There are many names for the Greek Key Pattern. These include Greek Fret, Greek Key, Labyrinth, Maze, and the Meander Pattern, (the latter named after the Maeander River, the historical name for the Büyük Menderes River in Turkey).
Greek Key patterns were incorporated into Georgian jewels of the late Georgian period. This ancient design can also be seen in later historical periods, such as the Art Deco Period, right up to the present.
The pattern originated from Greek mythology and was symbolic of the labyrinth that imprisoned the Minotaur. In Greek mythology the Centaur had the torso of a person combined with the body of a horse.
In a time when most people couldn'tread or write, myths were the most effective way to pass knowledge and teach people about moral virtues, cosmology, love, death, forgiveness, and everything that is present in our daily lives.
The pattern is often incorporated as a border design around a ring, bracelet or Cameo surround forming a running ornamental design of repeated symmetrical figures.
Antique Jewelry with the Greek Key Motif is becoming increasingly harder to find, due to the fact, that Antique Jewelry collectors do not like parting with these amazing meandering patterns. Georgian jewelry featuring a Greek key pattern is highly desirable, and you will pay more for Antique Jewelry where the ancient Greek design appears.
The pattern is also known as a running ornament or 'meander' when the design is continuous or intertwined as foliage meanders. The Meander motif, when used in architecture in Anatolia in Turkey, is referring to the river "Meander." The Spiral Meander motif has a long history in the Mediterranean.
If the decoration forms interlaced patterns it is known as Guilloche and is also found in Classical Greek and Roman architecture including Georgian Revival, Greek revival, Neoclassicism and Second Empire.
In Europe, this pattern was included in the dominant style of architecture during the 18th century. The style of architecture also influenced and was reflected in the jewelry of the time.
The Greek Key design isn't only found on jewelry. In the photograph below is a pavement in the streets of Rhodes, made from beach stones, featuring the "meander" Greek key pattern!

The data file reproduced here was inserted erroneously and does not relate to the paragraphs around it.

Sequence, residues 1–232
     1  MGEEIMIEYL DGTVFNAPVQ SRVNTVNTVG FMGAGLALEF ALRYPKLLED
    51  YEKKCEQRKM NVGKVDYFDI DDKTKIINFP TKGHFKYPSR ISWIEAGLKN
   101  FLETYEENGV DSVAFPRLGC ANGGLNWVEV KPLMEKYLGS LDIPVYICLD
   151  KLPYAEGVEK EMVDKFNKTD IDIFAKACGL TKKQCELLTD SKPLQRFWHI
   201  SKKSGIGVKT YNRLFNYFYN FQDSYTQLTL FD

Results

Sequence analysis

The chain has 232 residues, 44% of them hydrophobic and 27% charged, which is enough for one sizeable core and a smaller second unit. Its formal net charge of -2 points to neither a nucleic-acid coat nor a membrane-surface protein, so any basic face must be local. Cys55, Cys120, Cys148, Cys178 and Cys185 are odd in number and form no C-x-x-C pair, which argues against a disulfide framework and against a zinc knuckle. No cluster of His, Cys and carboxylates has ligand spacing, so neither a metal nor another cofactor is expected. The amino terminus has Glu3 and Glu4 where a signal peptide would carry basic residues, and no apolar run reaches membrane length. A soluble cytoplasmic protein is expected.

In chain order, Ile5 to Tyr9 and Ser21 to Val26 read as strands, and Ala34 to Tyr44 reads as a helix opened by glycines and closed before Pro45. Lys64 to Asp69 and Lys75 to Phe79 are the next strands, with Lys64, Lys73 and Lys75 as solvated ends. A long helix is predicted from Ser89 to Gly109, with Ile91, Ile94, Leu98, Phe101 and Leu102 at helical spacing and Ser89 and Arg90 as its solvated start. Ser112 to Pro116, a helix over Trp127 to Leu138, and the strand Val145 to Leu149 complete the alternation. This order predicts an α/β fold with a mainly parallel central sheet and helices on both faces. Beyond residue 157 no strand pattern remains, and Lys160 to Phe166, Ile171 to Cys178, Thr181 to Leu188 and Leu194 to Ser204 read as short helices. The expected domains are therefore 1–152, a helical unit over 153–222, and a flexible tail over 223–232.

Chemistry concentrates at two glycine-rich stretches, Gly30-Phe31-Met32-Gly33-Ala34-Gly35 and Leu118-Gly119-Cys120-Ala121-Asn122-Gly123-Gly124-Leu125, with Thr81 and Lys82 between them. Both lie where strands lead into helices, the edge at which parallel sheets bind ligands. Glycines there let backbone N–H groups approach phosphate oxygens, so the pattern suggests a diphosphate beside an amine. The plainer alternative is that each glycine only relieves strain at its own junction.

Curved or angular variations of the same key patterns are also in existence. Being very ancient motifs they occur in the earliest farming communities in Anatolia in the six millennium BC and were a major feature design in pottery decoration throughout Neolithic Europe.
Designs based on spiral scrolls, circles, and meandering bands are typical of the art of the Mycenaean civilization on the Greek mainland in the middle of the second millennium BC.
During the Georgian neoclassical movement when Europe was having a revival in classical Greece, the Greek key pattern above all others signified Greek style and taste.
The connection with water persisted into Roman times when the motif was frequently used on mosaic floors in bathhouses.
Men's Jewelry may also include the key pattern. Jewelry art historians will know, that throughout the History of Jewelry men have been wearing jewelry for just as long as women, but for slightly different motives.
Women’s jewelry has been generally worn to enhance a woman's beauty while in Jewelry History, men have worn jewelry as a status symbol, badge of rank, or for recognition of achievement. But times are changing and changing fast. This ship is slowly turning around. Genders continue to expand and at the time of writing (2020) there are now 33 recognized terms, Australians use to ifentify themselves. If it floats your boat - all gender identities can wear Jewelry.
Popular design motifs found on Jewelry, that are a spin-off of the Greek Key Pattern, for a male who identifies as a man, include the Celtic knot patterns, Greek key designs, Arabic geometric patterns, and abstract designs.
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